I've borrowed a few books recommended round the blog-o-sphere for those interested in Montessori in the home for the early years. In my travels, I've found posts that are up front about the usefulness of Montessori things, books, equipment, philosophy and so on, to be the most useful, so in that spirit I thought I'd add my thoughts to those in the Interweb ether.
My local library had Tim Seldin's How to Raise an Amazing Child the Montessori Way.
This is an easy read, and while it has some lovely ideas, as I'm from an attachment parenting, continuum concept background, there wasn't much new in there for me. It would be a great book for introducing some of the concepts if you weren't familiar with them, but for me it was more of a skim read as I felt it very much preaching to the converted. "Treat kids as human beings, include them in your life," yup, done that! Lovely pictures, and a few ideas for practical stuff to do in the home, but mostly just a nice reinforcing read. Not one I'd buy, and not in depth enough for me. His simple description of phonics in introducing letters was great, though, I'm copying that page!
I also borrowed Elizabeth Hainstock's Teaching Montessori in the Home: The Preschool Years. This is simple and straightforward, with heaps of practical ideas, including how to make many materials yourself. I got more out of this, despite how simple it is, or perhaps because of this. I'd like my own copy of this one as a reference book, and can see why so many Montessori bloggers like this book.
I have a copy of Montessori from the Start: the Child at Home from Birth to age Three, by Paula Polk Lillard and Lynn Lillard Jensen, borrowed from the school's Nido library. This is much meatier, with more philosophy and detailed explanations of the foundations of the method. But it's what I'd term a full-on Montessori book! It has that feel of "if you don't do this, your kid will be ruined!!11!!!" and the progressions are exact and intimidating.
I struggle with it, as I'm from an approach that says my child will naturally learn what she needs to, simply by being given normal opportunities to do so, more of a Continuum Concept approach. I don't think we need an obsession about exactly what age in days to introduce a smooth wooden ring on elastic in order to fully develop a child's ability to grasp or experiment with her power to affect matter. I think given a normal supportive environment, she'll learn this herself.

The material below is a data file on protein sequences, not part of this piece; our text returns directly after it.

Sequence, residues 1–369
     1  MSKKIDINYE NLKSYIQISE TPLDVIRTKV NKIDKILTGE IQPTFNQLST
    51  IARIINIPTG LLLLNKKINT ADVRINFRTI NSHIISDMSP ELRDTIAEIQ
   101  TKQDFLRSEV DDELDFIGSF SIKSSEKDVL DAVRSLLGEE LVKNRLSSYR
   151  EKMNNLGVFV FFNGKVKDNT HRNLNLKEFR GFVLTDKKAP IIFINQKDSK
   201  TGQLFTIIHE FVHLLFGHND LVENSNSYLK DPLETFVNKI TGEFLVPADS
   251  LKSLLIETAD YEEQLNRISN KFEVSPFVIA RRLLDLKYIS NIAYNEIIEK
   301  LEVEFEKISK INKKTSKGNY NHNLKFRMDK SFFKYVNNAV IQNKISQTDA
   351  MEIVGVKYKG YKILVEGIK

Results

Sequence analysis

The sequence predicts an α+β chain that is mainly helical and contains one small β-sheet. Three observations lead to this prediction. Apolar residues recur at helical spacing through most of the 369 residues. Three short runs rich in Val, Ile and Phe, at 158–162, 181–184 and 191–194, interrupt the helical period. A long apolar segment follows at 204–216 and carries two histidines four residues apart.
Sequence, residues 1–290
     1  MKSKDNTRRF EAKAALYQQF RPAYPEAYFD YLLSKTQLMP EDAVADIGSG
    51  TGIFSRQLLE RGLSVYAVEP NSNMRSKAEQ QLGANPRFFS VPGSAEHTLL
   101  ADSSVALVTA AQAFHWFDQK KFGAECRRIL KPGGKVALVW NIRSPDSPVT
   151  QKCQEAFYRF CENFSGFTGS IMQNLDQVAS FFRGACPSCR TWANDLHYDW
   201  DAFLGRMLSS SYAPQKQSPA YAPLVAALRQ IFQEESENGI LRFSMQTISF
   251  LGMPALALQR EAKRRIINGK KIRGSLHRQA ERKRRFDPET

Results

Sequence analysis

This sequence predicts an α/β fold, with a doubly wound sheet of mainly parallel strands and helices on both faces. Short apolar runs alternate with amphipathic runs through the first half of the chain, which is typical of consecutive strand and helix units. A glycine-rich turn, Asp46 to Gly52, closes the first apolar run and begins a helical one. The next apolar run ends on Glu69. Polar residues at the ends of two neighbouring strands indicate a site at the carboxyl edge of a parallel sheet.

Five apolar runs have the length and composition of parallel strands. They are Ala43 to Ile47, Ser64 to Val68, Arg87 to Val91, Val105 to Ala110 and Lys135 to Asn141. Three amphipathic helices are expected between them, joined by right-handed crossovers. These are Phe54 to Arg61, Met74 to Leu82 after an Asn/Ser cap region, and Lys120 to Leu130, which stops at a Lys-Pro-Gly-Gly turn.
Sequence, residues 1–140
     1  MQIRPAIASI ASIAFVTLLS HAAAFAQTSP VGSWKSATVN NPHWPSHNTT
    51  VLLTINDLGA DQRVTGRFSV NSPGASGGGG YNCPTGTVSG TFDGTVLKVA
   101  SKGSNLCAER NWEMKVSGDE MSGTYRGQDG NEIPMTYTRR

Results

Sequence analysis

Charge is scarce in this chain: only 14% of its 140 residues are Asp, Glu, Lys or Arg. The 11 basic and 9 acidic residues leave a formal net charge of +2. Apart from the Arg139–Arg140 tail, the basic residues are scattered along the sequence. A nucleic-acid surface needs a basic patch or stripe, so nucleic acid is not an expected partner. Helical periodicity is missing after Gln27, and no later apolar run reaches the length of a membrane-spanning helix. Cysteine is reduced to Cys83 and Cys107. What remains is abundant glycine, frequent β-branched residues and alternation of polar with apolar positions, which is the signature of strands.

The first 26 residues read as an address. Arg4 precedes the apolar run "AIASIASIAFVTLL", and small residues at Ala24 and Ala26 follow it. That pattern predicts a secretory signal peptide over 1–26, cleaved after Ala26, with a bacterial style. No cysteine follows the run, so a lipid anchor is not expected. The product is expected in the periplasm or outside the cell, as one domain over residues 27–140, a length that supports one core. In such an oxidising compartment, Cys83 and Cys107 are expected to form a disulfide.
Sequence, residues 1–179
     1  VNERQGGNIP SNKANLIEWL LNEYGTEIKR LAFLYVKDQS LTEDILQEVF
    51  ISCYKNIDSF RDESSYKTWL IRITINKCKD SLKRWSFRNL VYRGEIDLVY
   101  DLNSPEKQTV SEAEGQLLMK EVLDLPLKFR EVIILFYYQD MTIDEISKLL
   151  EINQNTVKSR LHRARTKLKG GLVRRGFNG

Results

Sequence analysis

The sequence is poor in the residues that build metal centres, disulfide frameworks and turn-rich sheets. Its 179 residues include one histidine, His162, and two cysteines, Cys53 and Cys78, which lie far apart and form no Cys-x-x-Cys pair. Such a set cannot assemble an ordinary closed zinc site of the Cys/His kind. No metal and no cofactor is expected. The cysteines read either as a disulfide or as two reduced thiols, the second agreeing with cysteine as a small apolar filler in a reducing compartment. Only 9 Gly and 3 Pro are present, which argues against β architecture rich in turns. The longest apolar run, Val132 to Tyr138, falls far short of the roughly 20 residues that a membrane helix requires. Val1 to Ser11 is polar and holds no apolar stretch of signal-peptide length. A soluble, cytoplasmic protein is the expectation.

There is a lot of good stuff in this book, but it feels overly complicated and more than a little proscriptive. Some of the underlying approaches to attachment and compliance didn't ring true for me, either, but this is generally the case for me with Montessori. There are several assumptions about attachment, including being against co-sleeping (in the same bed), normal breastfeeding, baby wearing, and so on, that I find difficult, actually, impossible, to swallow, given my own beliefs about how us humans evolved. While I disagree with this stuff, I don't find it's a deal-breaker in terms of following other aspects of what I think is the more core Montessori philosophy, which is far more concerned with HOW children learn, and is actually far more continuum based - trusting the child, recognizing the innate drive to learn, the importance of peer to peer 'teaching' and modeling, a basic respect for the child as a whole person.
It does bring up what is, for me, the fundamental issue I struggle with in Montessori, which is about separating the learning of children from our natural lives. The focus on the environment of a classroom is a fair distance from my beliefs about children and natural learning. BUT I also struggle with how much of an experience we can give kids given our lack of a tribe in which to introduce what they need to learn. Hence our decision to school Lolly, rather than naturally unschool. I'm not sure I'm accurately getting my ideas out here, and it's something I'll return to and blog more about.
Anyhoo, the book is a good read, overall, with a comprehensive exploration of the Montessori philosophy and method. I'd like a copy for my own library. But there is a lot here I don't agree with, and the whole books seems so proscriptive to me, and therefore alienating. You have to read past that feeling to get at the core usefulness of the text.